The only way I could love this this hand-woven Mayan throw pillow any more is if it were a dress.
Do any of you happen to recall how, after I left my old place in January, I resolved not to fall down the rabbit hole of redecorating like I always do when I move? Even though the place I was relocating to could not be more physically different than the place I was leaving, and none of my stuff really looked right anymore? How fondly we hang on to our illusions, no? It took me a while to accept that the furniture that worked so well in my comparatively rambling midcentury apartment had no place in my clean and modern little window box in the sky, but indeed that was the case—most particularly in the living room. My beloved club chairs were hulking, and monopolized a huge hunk of the space. The shaggy vintage Moroccan rug—which once imparted such a sense of cozy cool—simply came off sloppy. And everything else just felt dark. The new place—with its walls of windows and clean lines—called for something else entirely.
I was gun shy about where to start—because once you choose your first big item, everything else has to fall into lockstep with it. But finally I pulled the trigger on this sectional (currently on sale! at Blu Dot) and then the big square coffee table you see here (also from Blu Dot) in somewhat irrational—but ever-so delightful—watermelon pink. I knew that the coffee table’s wild-card color was going to make finding the right rug tough—and I already have an impossible time choosing rugs—but then I discovered Brooklyn-based line Aelfie: their pieces are ethnic-inspired but with the kind of streamlined look I was after, and I fell for the one you see here, which is called the Saskia. It looks like a lot to live with, I know, but in real life it’s actually pretty chill. The piece above the sofa is by an artist named Reed Anderson and I’ve had it for years.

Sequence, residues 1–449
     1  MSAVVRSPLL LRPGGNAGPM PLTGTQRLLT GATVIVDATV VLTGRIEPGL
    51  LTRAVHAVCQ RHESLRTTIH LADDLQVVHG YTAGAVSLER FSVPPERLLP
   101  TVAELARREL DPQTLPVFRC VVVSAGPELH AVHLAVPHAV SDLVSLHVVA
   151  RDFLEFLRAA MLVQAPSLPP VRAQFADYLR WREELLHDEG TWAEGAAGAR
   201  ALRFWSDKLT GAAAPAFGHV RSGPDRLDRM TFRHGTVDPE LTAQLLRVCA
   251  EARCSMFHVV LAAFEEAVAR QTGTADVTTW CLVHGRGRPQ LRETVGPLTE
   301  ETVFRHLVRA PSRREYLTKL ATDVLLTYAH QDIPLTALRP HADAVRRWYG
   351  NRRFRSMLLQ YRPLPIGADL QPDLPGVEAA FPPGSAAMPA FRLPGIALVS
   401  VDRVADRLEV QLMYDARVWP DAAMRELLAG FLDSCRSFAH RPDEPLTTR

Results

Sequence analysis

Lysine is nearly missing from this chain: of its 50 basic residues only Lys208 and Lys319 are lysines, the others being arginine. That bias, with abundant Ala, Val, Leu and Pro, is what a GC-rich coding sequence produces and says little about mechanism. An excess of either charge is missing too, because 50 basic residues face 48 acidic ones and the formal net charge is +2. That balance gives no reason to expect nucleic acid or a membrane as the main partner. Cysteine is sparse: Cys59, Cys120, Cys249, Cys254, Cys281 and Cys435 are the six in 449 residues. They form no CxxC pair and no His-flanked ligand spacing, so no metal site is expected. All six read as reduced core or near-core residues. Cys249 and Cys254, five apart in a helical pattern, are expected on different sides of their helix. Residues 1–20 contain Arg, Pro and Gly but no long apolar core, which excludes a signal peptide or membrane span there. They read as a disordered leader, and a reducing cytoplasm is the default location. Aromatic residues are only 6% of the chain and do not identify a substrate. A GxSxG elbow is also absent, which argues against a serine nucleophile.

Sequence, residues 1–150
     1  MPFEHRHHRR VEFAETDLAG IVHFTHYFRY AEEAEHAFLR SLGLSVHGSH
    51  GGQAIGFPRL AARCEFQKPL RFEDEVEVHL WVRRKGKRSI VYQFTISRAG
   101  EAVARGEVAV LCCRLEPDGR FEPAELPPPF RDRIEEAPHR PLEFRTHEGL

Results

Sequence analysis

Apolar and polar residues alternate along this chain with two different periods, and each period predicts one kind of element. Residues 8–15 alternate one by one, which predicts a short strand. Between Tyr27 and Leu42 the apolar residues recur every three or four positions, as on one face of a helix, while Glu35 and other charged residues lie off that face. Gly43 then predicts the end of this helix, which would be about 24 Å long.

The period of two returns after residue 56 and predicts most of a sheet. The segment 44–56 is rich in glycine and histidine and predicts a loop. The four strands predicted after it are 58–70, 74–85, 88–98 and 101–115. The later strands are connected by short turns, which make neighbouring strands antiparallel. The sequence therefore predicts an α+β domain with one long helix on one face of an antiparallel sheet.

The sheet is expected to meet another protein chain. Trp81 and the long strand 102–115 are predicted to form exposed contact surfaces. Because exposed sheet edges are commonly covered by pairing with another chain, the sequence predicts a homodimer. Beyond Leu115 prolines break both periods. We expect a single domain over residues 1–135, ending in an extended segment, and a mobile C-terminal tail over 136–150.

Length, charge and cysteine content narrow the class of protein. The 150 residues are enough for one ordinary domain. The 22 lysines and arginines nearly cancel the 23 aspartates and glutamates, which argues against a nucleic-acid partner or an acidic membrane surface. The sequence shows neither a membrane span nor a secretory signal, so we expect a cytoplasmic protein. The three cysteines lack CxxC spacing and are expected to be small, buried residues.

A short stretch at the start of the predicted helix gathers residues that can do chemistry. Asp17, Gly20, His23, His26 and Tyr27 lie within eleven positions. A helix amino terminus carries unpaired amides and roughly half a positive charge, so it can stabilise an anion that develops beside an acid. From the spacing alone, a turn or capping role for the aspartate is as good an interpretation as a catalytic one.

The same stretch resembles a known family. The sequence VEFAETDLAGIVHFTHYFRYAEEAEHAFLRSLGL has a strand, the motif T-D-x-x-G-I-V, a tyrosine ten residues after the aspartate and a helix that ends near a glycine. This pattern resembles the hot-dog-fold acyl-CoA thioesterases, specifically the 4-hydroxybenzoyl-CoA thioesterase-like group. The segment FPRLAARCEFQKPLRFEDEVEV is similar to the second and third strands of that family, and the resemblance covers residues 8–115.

I have done some repurposing of old items: this Nelson Platform bench used to be my coffee table; now it sits by the window, topped with a few of the Eskayel pillows that were on my former sofa (which I sat on until they flattened out to resemble pads). And on the topic of pillows: I am undecided as to whether I need some for the sectional. It seems like I’ve already sort of got a lot going on over there. What thinks?
No time like barbecue and picnic season to stock up on everyone’s favorite synthetic, unbreakable dishware: this charming butterfly is one of an unmatched set of four.
And finally: I’m pretty sure this serving bowl is the best melamine thing I’ve ever seen.
My iPhone case is awful and grey and dingy, and probably needed replacing six months ago. But this is just the sort of unsexy-but-necessary purchase I am capable of putting off forever (curious, given how on point I am when it comes to so very many other kinds of purchases). Recently, however, the case actually started shedding its outer layer (it’s not a hard case, but one of those gummy soft ones; never again) and this was the necessary final straw. So the search has commenced, and I have but one single non-negotiable requirement: that it be loud enough to detect at the bottom of a crowded handbag. These charming leopards from Rifle Paper Co work quite well on that count.
Clever, clever: this case unsnaps to reveal a hidden mirror.